Look beyond physical metrics for true cross-asset management
These days there is a lot of talk about cross-asset management. Over the years, specialists have developed within-asset management systems to varying degrees of sophistication. This has led to improvements in needs forecasting, budget dialogues, and lifecycle design, maintenance, and rehabilitation regime planning.
However, the widespread presence of infrastructure debts means that no program can be fully funded in any asset class. Unsurprisingly, capital planning groups and executives are frustrated when the time comes to address trade-offs between assets, for example, to tradeoff bridge and road projects or overall envelope sizes.
So cross-asset optimization is the new Holy Grail of asset management, but the tools for the first series cross-asset efforts have been described recently as ranging from "subjective to more subjective," and have not done much to address practitioner frustrations.
In our view, the lack of progress is due to not making the required paradigm shifts for cross-asset management. Historically, everything about the asset has been about its physical condition - engineers can measure and model various dimensions, aggregate these dimensions into indices, link conditions to treatments, and so on. However, these conditions are not shared between asset classes, and comparisons of aggregate indices is meaningless. Is bridge condition 65 worse than pavement condition 72? It depends what kind of engineer (or which resident or politician) you are talking to. More importantly, most of the physical condition measures mean little to a customer. What does a customer care about the scour depth on a bridge pier or that the overall bridge condition is 65?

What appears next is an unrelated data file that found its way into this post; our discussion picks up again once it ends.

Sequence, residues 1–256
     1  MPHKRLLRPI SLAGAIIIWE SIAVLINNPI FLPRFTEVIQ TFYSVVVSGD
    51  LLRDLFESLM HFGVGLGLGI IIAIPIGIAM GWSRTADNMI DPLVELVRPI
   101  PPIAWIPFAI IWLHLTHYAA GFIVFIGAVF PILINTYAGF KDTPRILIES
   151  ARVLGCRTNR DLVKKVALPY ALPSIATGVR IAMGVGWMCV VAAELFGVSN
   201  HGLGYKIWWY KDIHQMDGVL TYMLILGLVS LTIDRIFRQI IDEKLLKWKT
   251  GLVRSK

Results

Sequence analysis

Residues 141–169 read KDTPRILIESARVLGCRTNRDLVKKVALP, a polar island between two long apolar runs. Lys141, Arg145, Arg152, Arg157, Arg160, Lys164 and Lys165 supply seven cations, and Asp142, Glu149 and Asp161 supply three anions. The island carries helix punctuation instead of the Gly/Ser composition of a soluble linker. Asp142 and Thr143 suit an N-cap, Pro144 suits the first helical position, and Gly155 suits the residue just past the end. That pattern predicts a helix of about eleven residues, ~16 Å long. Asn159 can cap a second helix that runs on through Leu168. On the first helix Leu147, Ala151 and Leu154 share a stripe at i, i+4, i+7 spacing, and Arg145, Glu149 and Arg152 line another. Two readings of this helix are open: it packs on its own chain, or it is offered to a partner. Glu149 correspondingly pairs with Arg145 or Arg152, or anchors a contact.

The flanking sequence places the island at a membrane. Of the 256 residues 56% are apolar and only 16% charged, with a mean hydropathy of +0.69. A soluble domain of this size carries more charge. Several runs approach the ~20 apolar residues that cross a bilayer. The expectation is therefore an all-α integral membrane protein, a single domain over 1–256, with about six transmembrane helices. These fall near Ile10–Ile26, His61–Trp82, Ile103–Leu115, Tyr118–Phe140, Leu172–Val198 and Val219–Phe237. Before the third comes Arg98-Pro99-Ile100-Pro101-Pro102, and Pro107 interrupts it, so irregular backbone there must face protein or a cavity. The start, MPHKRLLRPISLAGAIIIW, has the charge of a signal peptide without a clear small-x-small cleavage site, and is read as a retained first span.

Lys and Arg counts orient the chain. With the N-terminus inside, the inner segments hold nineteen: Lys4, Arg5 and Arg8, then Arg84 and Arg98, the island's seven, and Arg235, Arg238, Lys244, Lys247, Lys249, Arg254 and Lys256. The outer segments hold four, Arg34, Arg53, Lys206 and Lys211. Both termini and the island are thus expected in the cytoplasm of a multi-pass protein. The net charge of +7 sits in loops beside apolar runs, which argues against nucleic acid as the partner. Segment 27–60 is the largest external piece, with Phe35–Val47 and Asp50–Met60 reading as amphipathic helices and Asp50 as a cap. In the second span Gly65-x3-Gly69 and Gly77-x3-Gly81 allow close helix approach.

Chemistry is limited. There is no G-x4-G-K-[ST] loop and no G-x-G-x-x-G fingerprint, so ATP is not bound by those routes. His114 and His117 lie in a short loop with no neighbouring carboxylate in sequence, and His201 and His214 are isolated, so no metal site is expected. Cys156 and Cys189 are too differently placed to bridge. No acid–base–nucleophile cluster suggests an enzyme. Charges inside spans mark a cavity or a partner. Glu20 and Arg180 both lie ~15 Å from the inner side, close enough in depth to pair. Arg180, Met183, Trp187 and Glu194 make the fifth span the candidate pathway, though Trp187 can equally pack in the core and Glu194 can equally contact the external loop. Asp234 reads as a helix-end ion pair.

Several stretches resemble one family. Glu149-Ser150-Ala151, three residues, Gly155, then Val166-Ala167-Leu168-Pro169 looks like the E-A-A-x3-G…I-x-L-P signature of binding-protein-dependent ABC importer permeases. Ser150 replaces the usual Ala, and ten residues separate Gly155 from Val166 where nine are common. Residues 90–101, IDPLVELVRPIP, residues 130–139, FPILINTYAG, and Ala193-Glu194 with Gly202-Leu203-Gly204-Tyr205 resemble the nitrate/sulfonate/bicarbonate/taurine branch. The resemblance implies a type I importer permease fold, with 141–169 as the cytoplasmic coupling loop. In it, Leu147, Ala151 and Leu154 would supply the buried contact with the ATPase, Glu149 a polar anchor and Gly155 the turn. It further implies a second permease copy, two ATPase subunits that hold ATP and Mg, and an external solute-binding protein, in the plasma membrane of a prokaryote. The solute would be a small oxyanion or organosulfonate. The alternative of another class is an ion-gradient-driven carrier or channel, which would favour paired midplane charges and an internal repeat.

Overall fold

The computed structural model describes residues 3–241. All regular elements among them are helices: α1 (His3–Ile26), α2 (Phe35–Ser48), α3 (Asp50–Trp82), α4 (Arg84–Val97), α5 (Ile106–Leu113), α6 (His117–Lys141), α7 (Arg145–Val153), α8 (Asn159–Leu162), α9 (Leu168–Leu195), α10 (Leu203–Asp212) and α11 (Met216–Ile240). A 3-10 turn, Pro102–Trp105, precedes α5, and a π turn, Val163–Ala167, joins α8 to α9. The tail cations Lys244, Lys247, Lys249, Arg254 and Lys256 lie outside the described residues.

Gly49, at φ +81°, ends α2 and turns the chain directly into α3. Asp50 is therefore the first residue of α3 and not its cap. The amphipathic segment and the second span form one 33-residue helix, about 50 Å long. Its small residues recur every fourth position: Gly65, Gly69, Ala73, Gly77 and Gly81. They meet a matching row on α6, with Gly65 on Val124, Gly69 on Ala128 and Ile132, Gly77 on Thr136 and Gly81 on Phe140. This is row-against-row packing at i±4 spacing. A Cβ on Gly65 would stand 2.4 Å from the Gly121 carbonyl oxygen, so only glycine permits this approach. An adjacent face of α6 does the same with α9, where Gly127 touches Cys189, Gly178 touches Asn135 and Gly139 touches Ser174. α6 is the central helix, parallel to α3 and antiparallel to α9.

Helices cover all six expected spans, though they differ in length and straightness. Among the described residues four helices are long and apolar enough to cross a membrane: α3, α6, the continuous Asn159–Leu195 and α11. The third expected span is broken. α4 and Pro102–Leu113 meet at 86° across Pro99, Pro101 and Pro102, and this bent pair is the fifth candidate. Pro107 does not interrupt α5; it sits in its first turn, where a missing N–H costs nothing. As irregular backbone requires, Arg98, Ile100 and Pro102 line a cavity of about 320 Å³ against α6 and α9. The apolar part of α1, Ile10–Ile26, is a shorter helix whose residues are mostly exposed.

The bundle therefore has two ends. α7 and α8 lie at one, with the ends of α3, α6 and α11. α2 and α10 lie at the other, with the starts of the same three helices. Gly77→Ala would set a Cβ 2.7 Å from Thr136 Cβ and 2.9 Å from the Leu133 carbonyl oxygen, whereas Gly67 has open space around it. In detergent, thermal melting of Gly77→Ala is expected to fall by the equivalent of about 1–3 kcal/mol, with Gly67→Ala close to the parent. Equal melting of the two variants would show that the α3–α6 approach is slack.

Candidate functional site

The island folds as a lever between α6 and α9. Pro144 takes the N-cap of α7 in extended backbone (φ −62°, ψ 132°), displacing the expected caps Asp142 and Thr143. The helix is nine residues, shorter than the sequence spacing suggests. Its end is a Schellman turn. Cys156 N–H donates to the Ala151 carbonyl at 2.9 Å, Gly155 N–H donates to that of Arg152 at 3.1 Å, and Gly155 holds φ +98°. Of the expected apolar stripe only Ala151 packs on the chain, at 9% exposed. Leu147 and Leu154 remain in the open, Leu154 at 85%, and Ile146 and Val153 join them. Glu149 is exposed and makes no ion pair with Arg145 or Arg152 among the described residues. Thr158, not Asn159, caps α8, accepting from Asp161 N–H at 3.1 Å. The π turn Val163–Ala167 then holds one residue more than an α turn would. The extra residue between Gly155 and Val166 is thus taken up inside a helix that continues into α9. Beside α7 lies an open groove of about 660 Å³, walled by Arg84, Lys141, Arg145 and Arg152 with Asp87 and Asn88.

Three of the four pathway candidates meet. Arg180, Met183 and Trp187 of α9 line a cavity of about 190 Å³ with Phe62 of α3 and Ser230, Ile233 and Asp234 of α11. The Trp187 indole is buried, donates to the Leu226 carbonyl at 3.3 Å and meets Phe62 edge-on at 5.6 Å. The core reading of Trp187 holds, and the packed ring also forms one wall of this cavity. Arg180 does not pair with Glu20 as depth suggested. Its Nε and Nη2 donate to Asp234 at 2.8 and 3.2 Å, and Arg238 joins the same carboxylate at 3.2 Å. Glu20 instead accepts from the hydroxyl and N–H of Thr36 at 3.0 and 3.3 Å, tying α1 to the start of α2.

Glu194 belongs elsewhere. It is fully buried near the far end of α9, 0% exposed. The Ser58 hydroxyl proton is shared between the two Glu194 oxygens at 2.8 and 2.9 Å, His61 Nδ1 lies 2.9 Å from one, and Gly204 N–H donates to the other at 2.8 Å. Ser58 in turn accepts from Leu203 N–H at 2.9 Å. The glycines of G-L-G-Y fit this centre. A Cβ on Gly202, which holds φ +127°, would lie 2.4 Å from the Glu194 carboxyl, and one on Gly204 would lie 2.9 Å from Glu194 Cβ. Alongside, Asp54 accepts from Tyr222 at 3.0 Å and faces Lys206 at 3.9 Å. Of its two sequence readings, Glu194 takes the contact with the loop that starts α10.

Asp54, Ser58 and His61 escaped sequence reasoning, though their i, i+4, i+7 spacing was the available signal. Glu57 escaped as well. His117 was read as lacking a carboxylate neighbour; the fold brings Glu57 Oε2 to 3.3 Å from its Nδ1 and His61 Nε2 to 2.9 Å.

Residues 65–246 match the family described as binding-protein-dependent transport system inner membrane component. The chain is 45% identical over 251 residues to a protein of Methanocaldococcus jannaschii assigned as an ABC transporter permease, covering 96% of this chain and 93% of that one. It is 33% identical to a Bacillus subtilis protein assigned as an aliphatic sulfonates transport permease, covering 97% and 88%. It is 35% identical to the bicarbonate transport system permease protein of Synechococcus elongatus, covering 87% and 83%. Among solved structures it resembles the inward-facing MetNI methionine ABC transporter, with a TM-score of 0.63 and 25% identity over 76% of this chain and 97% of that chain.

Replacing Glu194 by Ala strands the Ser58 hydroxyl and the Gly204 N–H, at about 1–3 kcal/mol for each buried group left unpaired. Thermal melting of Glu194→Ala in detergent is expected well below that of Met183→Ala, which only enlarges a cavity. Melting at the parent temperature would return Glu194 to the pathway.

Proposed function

The required paradigm shift in cross-asset management is to frame the question and the metrics in terms of who goes 'cross-asset' on trips - the customer. A customer does not care directly about scour depth. A customer cares about the route being open, safe, and able to handle their required vehicle loads, which are influenced by scour depth, multiple other physical features of the bridge AND physical features of the next asset class 200 meters further down the corridor.
Four steps an agency can take to move towards true cross-asset management are:
1. establish and measure customer levels of service that are indifferent to asset class;
2. quantify and measure the relative importance of customer levels of service changes;
3. within each asset class, build service models that link asset physical condition measures to customer levels of service; and
4. develop an asset management framework containing decision models focused on customer level of service optimization.
The author, Craig Milligan, P.Eng. advises government agencies on asset management program development with a particular focus on enabling true-cross asset management. He can be reached at firstname.lastname@example.org.